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Goodwick and Fishguard - Pembrokeshire Coast Path, Northern Section.


The choice to stay in Goodwick or Fishguard, separated by little more than a mile, is generally dictated by whether you walk around Stumble Head in one, or two days.

Goodwick comes from the old Norse words Goor (good) and Vik (bay or cove,) and this is the more modern railway town which developed to support its impressive deepwater harbour.


The setting for the film ‘Moby Dick’ starring Gregory Peck, it's forever incorrectly referred to as Fishguard Harbour. Much of the town clings to the steep hillside of the Strumble Head peninsula, overlooking the huge 900m long breakwater which arcs out into the ocean, though the more modern parts now stretch inland behind the back of the bay.

The breakwater is an impressive structure built from nearly 2 million tonnes of stone excavated from the bay in attempts to deepen the moorings for larger ships. The modern day result of those efforts is the Stena Line Ferry to Rosslare in Ireland, which departs from here several times a day and the Pembrokeshire Coast Path Walker will witness the huge ships gliding in or out of the bay at some point or other on their walk past. For those that have toiled the 18 miles from Trefin, there are accommodation options after descending from Strumble Head.  Further into Goodwick there are a couple of other small hotels and inns for those that can make it further.

For those finishing the walk here, Goodwick's has the benefit of being the only place on the Pembrokeshire Coast Path north of Milford Haven that has a train service which runs from its tiny station connecting with the ferry arrival twice a day.

A mile or so further round the bay and you reach Fishguard – derived from the Norse words for a “Fish Catching Enclose”. Like Solva further back down the Pembrokeshire Coast Path, this is split between its upper village, the main part of the town,  and the smaller lower village called simply Cwm by the Welsh. Cwm is the more scenic and timeless spot spreading back from the old harbour wall to the narrow 18th century stone bridge which spans the Gwaun River Valley.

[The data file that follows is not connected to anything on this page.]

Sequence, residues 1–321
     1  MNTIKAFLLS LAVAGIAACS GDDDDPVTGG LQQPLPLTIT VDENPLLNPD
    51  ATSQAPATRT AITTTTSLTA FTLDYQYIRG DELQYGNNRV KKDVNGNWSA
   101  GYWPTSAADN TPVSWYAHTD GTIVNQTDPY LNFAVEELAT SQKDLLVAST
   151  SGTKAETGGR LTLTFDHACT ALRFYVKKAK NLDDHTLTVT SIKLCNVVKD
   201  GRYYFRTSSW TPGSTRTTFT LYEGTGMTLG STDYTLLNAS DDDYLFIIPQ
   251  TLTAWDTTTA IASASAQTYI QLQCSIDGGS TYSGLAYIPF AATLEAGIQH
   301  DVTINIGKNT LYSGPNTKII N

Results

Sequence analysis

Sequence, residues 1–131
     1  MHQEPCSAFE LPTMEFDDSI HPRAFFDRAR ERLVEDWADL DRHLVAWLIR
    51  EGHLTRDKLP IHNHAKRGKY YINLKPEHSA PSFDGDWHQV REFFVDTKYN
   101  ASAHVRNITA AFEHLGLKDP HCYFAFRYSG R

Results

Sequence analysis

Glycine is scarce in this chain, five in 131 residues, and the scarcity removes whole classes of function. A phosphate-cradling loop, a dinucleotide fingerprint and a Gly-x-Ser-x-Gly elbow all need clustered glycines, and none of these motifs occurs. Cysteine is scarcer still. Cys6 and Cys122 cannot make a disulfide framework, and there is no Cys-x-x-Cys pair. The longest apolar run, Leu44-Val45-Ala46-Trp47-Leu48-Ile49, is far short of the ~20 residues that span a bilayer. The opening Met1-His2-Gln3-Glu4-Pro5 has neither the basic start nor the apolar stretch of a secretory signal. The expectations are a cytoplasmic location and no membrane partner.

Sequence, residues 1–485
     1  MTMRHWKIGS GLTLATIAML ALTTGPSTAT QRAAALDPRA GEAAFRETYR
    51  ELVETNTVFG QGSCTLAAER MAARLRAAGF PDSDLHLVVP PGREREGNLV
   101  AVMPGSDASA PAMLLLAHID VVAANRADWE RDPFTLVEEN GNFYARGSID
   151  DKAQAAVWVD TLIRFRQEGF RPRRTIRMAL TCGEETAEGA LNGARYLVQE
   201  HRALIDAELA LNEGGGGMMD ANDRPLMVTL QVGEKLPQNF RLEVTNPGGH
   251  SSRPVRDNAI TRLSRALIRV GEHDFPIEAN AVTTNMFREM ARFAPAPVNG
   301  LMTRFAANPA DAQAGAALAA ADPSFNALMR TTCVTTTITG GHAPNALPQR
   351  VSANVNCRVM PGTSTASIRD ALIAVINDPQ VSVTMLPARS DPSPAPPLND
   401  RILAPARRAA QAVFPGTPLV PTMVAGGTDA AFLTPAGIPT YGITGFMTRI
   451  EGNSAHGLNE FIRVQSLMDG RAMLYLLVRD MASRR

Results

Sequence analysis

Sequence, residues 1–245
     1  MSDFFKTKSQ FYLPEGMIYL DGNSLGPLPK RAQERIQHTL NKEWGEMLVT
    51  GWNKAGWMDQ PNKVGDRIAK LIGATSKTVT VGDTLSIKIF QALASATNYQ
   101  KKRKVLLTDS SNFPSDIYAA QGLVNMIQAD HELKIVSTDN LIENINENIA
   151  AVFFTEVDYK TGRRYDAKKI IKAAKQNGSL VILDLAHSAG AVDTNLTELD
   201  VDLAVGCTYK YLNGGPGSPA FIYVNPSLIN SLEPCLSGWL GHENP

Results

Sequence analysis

If it looks vaguely familiar it could be because Lower Fishguard was the location for the village of Llareggub in the film version of Dylan Thomas seminal book Under Milk Wood, starring Richard Burton and Elizabeth Taylor. The old harbour was originally a herring fishing port and the pretty coloured cottages remain, as does the little flotilla of boats, mainly leisure craft these days, though a few fishing vessels still head out in the early morning to sea.


Upper Fishguard may be less picturesque but has good facilities and some fascinating history on tap for the overnight walkers. Here you will find banks, supermarkets, a post office, art and craft galleries, tourist information and even an Indian restaurant if you are missing that kind of thing by now!

The busy market hall often has local farmers and produce markets running and at the Town Hall you can visit the impressive Last Invasion Tapestry. Inspired by the Bayeux Tapestry in Normandy the Welsh model tells the story of the doomed French Invasion of Fishguard in 1797 and there are over 30 metres of intricate cloth embroidered panels.

Across the market square from the Town Hall you should visit The Royal Oak Inn where you can still view the table where the surrender treaty was signed in this very Inn by the hapless Colonel Tate as well as all manner of other “last invasion” artefacts.


Finally at St Marys Church the British can give thanks at the much-visited gravestone of local heroine Jemima Nichols, the farmers wife who single handedly captured 12 of the hapless French soldiers armed only with her pitchfork.

Most accommodation is found in the upper town with a choice of inns and Guest Houses though there are one or two smaller B&B’s with rooms in the lower harbour

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